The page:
Along with Ditko, Lee would go on to introduce several famous supporting characters in Parker’s life, including his college best friend Harry Osborn and girlfriend Gwen Stacy. Both have been portrayed on the big screen by two different actors: James Franco played Osborn in director Sam Raimi’s trilogy between 2002-07 while Bryce Dallas Howard’s (Jurassic World) Stacy was a brief part of the overcrowded and lacklustre third entry 2007’s Spider-Man 3, with Valerian star Dane DeHaan stepping into the best friend role for 2014’s The Amazing Spider-Man 2, the terrible, no good adaptation from (500) Days of Summer director Marc Webb starring Andrew Garfield as Spider-Man and Emma Stone as the girlfriend.
The Amazing Spider-Man 2 also featured a loose adaptation of Spider-Man's watershed moment in the comics from writer Gerry Conway and artist Gil Kane, who conceptualised the iconic story arc “The Night Gwen Stacy Died” in which Spider-Man tries to save Gwen Stacy after she’s thrown off a bridge, but the whiplash caused by his webbing (likely) leads to her death. (In the film, the clock stops at 1:21 as a reference to the comic book issue in which it happened.) The moment was significant for comics in general, for killing off such an important character – the protagonist’s girlfriend – was unheard of in 1973, and it influenced many a comic book in decades since.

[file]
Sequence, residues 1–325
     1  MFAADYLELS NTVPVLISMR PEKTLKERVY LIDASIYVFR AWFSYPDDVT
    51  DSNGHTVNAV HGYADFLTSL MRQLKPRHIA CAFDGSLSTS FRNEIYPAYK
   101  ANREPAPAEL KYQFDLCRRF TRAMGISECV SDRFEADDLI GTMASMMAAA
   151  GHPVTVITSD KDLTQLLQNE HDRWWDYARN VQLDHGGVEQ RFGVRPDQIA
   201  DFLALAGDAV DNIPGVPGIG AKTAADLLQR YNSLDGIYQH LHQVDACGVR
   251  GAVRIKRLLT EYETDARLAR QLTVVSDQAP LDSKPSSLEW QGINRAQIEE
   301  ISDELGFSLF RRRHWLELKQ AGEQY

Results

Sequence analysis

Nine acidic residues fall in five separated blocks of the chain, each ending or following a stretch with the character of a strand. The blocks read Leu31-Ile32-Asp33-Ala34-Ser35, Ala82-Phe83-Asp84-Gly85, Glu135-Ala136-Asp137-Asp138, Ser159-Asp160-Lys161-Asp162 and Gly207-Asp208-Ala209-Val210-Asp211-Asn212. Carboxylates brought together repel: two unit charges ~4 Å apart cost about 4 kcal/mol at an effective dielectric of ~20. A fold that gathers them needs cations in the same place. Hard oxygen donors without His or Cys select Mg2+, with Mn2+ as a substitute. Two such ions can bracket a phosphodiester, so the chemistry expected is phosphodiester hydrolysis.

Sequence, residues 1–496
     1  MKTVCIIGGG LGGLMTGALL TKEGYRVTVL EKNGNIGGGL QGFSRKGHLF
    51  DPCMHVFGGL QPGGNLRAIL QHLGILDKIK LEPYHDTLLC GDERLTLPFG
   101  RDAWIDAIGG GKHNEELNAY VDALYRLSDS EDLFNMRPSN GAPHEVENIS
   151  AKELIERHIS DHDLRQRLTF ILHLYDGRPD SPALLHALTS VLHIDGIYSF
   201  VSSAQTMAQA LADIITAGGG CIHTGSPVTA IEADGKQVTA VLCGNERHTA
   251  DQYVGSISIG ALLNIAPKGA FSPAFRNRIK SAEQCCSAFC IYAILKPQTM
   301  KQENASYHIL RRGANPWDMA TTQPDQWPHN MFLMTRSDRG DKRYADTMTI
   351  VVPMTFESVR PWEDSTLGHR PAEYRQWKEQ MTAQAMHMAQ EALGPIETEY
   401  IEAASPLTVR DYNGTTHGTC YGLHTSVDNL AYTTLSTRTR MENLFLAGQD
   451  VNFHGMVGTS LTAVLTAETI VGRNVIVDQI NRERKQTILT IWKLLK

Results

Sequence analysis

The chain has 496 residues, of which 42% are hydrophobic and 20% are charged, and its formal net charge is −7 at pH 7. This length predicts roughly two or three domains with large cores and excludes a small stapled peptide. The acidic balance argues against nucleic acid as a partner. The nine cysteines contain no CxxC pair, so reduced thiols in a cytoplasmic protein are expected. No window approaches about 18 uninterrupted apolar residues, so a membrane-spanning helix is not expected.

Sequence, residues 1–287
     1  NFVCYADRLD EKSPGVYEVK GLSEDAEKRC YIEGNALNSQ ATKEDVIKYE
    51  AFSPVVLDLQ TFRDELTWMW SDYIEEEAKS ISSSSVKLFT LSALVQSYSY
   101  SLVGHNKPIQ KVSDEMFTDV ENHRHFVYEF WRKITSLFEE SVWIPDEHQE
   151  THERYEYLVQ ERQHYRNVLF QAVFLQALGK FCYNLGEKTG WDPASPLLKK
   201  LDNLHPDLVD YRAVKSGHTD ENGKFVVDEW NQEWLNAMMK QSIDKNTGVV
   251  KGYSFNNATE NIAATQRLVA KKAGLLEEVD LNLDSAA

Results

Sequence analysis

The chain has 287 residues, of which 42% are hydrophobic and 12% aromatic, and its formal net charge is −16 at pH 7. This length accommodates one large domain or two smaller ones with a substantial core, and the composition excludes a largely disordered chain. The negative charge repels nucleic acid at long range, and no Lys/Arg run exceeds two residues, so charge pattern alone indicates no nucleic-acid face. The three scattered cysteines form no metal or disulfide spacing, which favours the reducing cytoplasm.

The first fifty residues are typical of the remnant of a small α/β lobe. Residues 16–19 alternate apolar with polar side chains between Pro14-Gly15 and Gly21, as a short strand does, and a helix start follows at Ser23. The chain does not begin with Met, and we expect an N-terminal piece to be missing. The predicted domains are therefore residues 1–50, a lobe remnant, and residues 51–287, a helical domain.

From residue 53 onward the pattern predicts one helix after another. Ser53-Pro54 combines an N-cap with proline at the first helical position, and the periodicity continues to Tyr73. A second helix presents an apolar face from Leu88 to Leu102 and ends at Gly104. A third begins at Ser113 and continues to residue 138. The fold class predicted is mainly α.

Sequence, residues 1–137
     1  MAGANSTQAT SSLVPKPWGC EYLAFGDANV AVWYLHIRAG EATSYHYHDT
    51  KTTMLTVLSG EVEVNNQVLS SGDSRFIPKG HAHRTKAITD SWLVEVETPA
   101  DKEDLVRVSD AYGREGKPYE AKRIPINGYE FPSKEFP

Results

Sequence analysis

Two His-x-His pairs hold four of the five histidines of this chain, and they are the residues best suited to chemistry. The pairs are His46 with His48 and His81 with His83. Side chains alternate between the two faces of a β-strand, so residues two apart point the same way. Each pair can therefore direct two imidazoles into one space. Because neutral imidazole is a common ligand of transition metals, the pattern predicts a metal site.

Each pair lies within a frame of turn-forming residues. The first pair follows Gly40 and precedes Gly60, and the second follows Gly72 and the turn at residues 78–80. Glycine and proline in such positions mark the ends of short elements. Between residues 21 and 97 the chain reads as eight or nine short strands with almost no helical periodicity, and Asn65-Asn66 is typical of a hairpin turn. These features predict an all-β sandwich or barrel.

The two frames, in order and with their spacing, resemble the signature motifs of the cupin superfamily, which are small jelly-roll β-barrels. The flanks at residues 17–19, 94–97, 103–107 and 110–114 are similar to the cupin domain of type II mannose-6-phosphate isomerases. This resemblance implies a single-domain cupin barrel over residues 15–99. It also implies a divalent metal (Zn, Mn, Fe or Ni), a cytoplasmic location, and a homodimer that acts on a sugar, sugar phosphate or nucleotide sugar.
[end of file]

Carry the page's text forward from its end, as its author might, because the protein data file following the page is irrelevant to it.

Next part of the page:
It further boosted Spider-Man's growing popularity, resulting in three different live-action TV series in the 1970s on the back of an eponymous animated series that ran from 1967-70 and was created by Lee: Spidey Super Stories became the character’s first live-action appearance in 1974, the short-lived The Amazing Spider-Man premiered in 1977, and Spider-Man made it to Japanese TV screens between 1978-79 with “Supaidā-Man”. Curiously, all other television efforts since have been animated – including 2008-09’s The Spectacular Spider-Man and Spider-Man from 1994-98 – with live-action films booming in number and business from the turn of the century.